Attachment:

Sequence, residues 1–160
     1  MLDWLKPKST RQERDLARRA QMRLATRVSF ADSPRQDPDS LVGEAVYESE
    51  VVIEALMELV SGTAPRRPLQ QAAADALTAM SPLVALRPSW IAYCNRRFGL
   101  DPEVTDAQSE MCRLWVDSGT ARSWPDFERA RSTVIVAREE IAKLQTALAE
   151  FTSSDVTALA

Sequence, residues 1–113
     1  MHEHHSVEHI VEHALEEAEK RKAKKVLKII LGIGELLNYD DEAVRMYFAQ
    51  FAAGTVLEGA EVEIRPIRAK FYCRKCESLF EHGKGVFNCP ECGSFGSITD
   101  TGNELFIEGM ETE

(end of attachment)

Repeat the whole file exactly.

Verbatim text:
Sequence, residues 1–160
     1  MLDWLKPKST RQERDLARRA QMRLATRVSF ADSPRQDPDS LVGEAVYESE
    51  VVIEALMELV SGTAPRRPLQ QAAADALTAM SPLVALRPSW IAYCNRRFGL
   101  DPEVTDAQSE MCRLWVDSGT ARSWPDFERA RSTVIVAREE IAKLQTALAE
   151  FTSSDVTALA

Sequence, residues 1–113
     1  MHEHHSVEHI VEHALEEAEK RKAKKVLKII LGIGELLNYD DEAVRMYFAQ
    51  FAAGTVLEGA EVEIRPIRAK FYCRKCESLF EHGKGVFNCP ECGSFGSITD
   101  TGNELFIEGM ETE